expanded to assist 3 local farmers established with their own canopy systems to produce vegetables for
sale. Over 20 household level farmers are currently producing vegetables for family consumption as well
as to market their excess production. In addition, the Chinese are geared to assist the improvement
needs of local pig farmers, and engage with priority research needs of Pohnpei pepper production and
look into options of farming mushroom in Pohnpei.
Agriculture export data of approximately 400,000 pounds recorded by FSM Quarantine during the year
may not be a significant amount, interesting to note the diversity of potential agriculture export
commodities (betel nut, sakau, fiber leaves, hibiscus bark, taros, yams, mangoes, bananas and
vegetables) and export destinations (Guam, Hawaii, US mainland, RMI, and other FSM States).
The World Food Day was celebrated on October 14, 2016, with courteous participation of His Majesty,
Wasalapalap Isipahu, Nahnmwariki of Madolenihmw and Isonahnken Salvador Iriarte of Nett
Municipality. Approximately 400 farmers and consumers participated in the event.
The Island Food Community of Pohnpei (IFCP) is another important partner of Agriculture sharing the
same mission to promote production and use of locally produced food crops for the CHEEF benefits.
Implementation of the D-HOPE project-One Community/Municipality, One Product beginning
implementation started. Preliminary research findings shows good feasibility to produce Pohnpei flour
from our own indigenous food crops namely breadfruit, taro, banana and coconut for food-security and
income generation.
Tourism
A. Lududuhniap Waterfall Project – The project is under construction phase. Construction work at the
site includes the following:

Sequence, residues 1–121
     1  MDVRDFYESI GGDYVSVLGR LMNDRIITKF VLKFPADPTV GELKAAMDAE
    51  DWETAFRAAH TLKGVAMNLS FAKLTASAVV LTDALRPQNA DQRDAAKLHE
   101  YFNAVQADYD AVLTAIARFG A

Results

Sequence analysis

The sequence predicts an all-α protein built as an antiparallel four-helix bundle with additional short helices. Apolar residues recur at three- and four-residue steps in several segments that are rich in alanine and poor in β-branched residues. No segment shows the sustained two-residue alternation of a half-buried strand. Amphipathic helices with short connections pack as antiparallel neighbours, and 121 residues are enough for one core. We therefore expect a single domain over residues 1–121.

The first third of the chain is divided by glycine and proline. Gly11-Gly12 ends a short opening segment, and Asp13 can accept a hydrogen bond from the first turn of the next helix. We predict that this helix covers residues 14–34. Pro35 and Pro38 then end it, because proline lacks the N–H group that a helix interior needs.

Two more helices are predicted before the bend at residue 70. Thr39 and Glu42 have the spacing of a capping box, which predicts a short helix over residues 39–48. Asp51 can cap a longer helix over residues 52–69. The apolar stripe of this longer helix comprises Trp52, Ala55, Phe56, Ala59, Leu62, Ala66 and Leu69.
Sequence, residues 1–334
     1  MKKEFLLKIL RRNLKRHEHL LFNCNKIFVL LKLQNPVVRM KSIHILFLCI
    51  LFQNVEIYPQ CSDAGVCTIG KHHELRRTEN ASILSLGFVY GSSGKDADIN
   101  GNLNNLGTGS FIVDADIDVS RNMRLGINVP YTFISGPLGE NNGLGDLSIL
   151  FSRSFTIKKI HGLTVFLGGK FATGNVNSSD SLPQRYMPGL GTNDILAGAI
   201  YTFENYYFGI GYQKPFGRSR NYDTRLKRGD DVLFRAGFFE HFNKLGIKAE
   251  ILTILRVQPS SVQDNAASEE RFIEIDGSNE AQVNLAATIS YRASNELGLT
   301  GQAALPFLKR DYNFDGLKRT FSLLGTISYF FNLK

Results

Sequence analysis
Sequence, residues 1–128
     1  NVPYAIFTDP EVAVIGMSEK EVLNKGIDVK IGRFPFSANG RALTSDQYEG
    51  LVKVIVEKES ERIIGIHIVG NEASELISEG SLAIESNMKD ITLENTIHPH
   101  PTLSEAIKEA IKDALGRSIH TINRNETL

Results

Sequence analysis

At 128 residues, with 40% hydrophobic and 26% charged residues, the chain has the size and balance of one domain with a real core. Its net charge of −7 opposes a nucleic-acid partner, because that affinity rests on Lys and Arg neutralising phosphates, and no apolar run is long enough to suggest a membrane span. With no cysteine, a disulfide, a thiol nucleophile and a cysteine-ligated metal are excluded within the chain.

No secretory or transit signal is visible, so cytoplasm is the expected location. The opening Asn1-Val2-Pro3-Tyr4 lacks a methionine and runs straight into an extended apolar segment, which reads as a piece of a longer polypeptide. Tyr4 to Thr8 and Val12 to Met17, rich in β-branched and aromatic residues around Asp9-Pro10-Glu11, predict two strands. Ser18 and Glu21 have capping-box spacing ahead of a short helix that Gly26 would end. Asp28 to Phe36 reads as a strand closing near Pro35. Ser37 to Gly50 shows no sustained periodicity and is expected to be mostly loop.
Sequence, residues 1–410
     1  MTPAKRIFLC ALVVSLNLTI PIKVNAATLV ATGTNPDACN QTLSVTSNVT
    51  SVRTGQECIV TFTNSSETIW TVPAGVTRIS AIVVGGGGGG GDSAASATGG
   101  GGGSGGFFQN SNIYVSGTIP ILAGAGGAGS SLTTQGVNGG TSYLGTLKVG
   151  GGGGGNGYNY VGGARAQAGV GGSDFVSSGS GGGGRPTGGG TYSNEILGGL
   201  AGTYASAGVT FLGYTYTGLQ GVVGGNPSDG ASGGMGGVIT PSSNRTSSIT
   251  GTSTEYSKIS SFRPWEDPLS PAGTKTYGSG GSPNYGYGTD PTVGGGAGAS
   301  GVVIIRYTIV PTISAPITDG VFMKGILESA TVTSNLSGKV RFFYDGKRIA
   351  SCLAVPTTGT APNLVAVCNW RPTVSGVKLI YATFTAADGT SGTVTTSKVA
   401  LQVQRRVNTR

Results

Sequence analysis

Trails
Picnic huts
Safety signage
Toilet facilities
Concrete stairway
Decks at base of waterfall
Kepirohi Waterfall - Development of the site has been planned and underway.
Sokehs Ridge and Trail – The site was cleared of overgrown vegetation on October 2016. Land survey
was completed and construction of weather resistant signage is under planning stages.
Nan Madol Ruins – The Tourism Office is still maintaining daily maintenance of the Nan Madol
causeway, toilet facilities, walkway trails and bridges and overall site upkeep and maintenance.
Information booths and consolidated fee collection scheme has been developed.
200-Room Eco-Resort Feasibility Site Visits – Some private properties were visited as potential sites for
the construction of the 200-room eco-resort. Site visits are still ongoing.
Infrastructure
During this reporting period nine non Compact projects were completed in the amount of $526,621. The
Pohnpei Jail Facility renovation is a HAFSM Project and the funds do not flow through the FSM
Government. Pohnpei State has requested this project to be put on hold as it does not approve of the
direction this project is taking. This is a $3.6 million jail rather than the simple repairs and maintenance
the State was anticipating. Details of this and other project are available in our annual report. We are
pleased to note that our Project Management Office was established and is currently leading our
infrastructure development initiatives. We thank our new PMO Manager, Mr. James Hubbard for
agreeing to work with us and taking the lead role in our infrastructure development initiatives.
Department of Treasury and Administration
Mr. Speaker, we note especially the last audit findings concerning the state treasury. Internal controls
were put in place to safeguard us from repeating some of these issues in the future. Through the
Attorney General’s Office, some high level lawsuits were filed.